North Carolina House Democrats were left in a rage Wednesday after their Republican counterparts voted to override Democratic Gov. Roy Cooper's veto of the state budget. They weren't just upset with the result, however. It was how the GOP got it done that riled up the Democrats.
At the time of the vote, only 64 of the 120 members were present, including just 12 Democrats; House Democratic leader Darren Jackson said he told his caucus they didn't need to attend Wednesday morning's session because state Rep. David Lewis (R) said there would be no votes recorded during that time. The Republican House Speaker, Rep. Tim Moore, said that announcement was never made.
Rep. Deb Butler (D) criticized the Republicans for how they handled the matter following a 55-9 vote to override the veto. "How dare you Mr. Speaker?," Butler said, addressing Moore. "The trickery that is being evidenced by this morning is tantamount to a criminal offense." Butler described the Republican strategy as "scorched earth politics" and said she was threatened with arrest on the House floor.
"The fact that they would sit and lie in wait to trap these good citizens, these good representatives, is disgraceful," she said.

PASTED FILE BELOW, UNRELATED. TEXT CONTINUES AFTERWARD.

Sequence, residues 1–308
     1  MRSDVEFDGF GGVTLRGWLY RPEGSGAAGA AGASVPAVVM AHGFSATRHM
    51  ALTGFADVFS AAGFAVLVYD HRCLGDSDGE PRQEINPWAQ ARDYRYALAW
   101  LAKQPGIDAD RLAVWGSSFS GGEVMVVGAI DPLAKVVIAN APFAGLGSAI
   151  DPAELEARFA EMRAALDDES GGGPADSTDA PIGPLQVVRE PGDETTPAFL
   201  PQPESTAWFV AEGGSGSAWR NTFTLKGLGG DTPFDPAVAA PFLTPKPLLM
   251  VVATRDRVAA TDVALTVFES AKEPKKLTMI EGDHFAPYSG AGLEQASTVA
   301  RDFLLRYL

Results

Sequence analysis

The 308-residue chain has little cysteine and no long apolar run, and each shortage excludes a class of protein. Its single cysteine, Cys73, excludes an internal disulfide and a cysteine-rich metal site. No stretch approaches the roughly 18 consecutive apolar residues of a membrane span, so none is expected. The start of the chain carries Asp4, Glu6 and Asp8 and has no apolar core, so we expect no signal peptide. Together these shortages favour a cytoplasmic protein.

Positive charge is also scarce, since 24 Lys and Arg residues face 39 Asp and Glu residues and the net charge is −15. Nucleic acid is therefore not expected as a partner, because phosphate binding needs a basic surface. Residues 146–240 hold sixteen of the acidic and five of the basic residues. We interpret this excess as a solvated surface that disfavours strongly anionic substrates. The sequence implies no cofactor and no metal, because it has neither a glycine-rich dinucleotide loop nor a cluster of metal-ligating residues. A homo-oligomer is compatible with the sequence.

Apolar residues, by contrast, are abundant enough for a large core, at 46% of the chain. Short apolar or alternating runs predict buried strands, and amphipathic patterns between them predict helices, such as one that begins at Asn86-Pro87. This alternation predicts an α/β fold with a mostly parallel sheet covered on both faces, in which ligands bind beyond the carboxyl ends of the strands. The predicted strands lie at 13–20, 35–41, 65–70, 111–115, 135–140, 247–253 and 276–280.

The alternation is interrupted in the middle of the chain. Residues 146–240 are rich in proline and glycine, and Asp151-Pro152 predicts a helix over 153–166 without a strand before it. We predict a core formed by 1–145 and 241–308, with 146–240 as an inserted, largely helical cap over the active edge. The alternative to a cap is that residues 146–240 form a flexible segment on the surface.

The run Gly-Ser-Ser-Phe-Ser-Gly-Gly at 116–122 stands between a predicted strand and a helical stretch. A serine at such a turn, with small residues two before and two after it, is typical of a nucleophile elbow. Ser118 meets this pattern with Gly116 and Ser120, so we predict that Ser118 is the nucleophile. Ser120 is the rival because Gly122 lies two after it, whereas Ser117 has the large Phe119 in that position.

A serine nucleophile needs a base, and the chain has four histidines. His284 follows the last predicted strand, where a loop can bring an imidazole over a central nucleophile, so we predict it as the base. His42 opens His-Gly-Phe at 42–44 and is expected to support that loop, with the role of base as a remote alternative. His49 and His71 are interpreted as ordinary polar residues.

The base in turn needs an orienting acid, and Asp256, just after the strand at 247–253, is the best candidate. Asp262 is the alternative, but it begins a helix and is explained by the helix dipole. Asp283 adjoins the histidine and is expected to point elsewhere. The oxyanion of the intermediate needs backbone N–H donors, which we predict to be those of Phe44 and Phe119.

In Florida on Tuesday, the Democrats flipped a Republican-held state House seat in a Sarasota district that President Trump won in 2016 by 5 percentage points.
Democrat Margaret Good defeated Republican James Buchanan, 52 percent to 45 percent, in a special election prompted by the resignation of state Rep. Alex Miller (R); Miller resigned halfway through her first term, after winning in 2016 by about 16 percentage points. Republicans still retain control of both of the state's legislative chambers.
Good, an attorney, told constituents she would protect public lands, wants to expand Medicaid, and is opposed to using public funds to pay for charter schools, HuffPost reports. Democrats have picked up 36 state legislative seats since Trump's election. Catherine Garcia